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Design of a chef's knife, part III - Doug Ayen's Blacksmithing Blog [entries|archive|friends|userinfo]
Doug Ayen

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Design of a chef's knife, part III [May. 6th, 2002|10:44 am]
Doug Ayen
Well, that's enough about steel. After the steel, and just as important, comes the design of the knife.

When I decided to try to make a great chef's knife, I asked the first person on the list of beta testers what they wanted in a knife design. He replied "make it like a Wustof".

At first I was offended -- this was a custom knife, probably the only time he'd get something this good for free, and he wants something that he can buy at any decent kitchen store. Still, I have to admit, if there's one knife used by just about every famous Western chef, it's a Wustof. Still, I'm not about to go out and just copy one and call it my own make -- that would be both unethical and probably illegal. Nonetheless, I can take that basic design and work within those limitations to make a kickass knife.

The basic features of this knife are heavy bolsters and a ridge at the ricasso that goes from bolster to edge. The profile is a very generic "chef knife," no surprises there, and the edge geometry is a simple flattish convex grind from back to edge, with a nice distal taper. Grips are black composite of some sort, smooth.

Ok, the bolsters, which are integral on the original, are going to be soldered or brazed on on mine. That ridge will be forged in, probably not as pronounced. Grip material will be either a composite or I may just use stabilized wood of some sort depending on what I'm feeling like at the time. I'll probably keep to the original outline, maybe a bit slimmer. I'll certainly be making a heftier knife -- I'll be starting with quarter inch stock, so the thick part near the handle of the blade will be that thick. Since the user wants the balance in the bolsters, I'll probably leave a hefty tang in place, and taper it only to get the balance right. I'll try to avoid using handle weights unless necessary.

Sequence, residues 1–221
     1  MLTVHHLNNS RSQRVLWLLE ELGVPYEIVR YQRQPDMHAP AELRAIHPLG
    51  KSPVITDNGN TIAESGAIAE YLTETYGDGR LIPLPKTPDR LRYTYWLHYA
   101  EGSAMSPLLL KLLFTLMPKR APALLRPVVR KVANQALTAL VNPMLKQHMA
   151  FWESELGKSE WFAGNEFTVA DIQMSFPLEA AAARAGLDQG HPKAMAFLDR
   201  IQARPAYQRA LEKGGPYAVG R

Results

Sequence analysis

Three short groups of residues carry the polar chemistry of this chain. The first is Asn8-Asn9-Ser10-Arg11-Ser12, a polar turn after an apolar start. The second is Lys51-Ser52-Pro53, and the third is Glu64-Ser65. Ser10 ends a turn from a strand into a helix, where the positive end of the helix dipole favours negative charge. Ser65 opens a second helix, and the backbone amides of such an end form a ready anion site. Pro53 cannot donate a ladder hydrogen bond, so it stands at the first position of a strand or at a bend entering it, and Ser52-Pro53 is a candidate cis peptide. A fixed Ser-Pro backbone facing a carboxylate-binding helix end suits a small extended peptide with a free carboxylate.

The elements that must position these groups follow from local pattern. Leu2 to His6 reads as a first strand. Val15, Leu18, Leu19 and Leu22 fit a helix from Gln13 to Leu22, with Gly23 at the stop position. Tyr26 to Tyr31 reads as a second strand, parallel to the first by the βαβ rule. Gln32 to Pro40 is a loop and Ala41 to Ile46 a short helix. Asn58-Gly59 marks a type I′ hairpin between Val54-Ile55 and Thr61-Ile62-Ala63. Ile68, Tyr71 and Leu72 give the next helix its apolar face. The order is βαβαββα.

With the thicker metal, the whole thing will have more heft, but if the balance is where the user wants it the extra weight will not be too noticeable. This will also make the distal taper much more evident, and I'll flat grind the blade to ensure that the final angle isn't too steep. I'll probably use the 50% ratio on tapering -- IE, the blade will be 1/4" at the base, at the halfway point it'll be 1/8", and will taper to nothing along the rest of the blade, less a bit so that the very tip isn't like foil.

All that said, if this works I'll probably never do another like it. I don't want to be known as a wustof rip-off, and I have some ideas on what to put into a knife to make it a bit more interesting both as a maker and to my clients. Cut-outs, minimalist designs, and some fooling around with other handle shapes. I'll probably also fiddle with japanese style chef's knives, I think they look neat, and the way they laminate them has some interesting possibilities.

I think this will be my last entry on the chef knife design until I get started on one. Next up, I've agreed to write an article for the Compleat Anachronist, so I'll get started on that.

--doug
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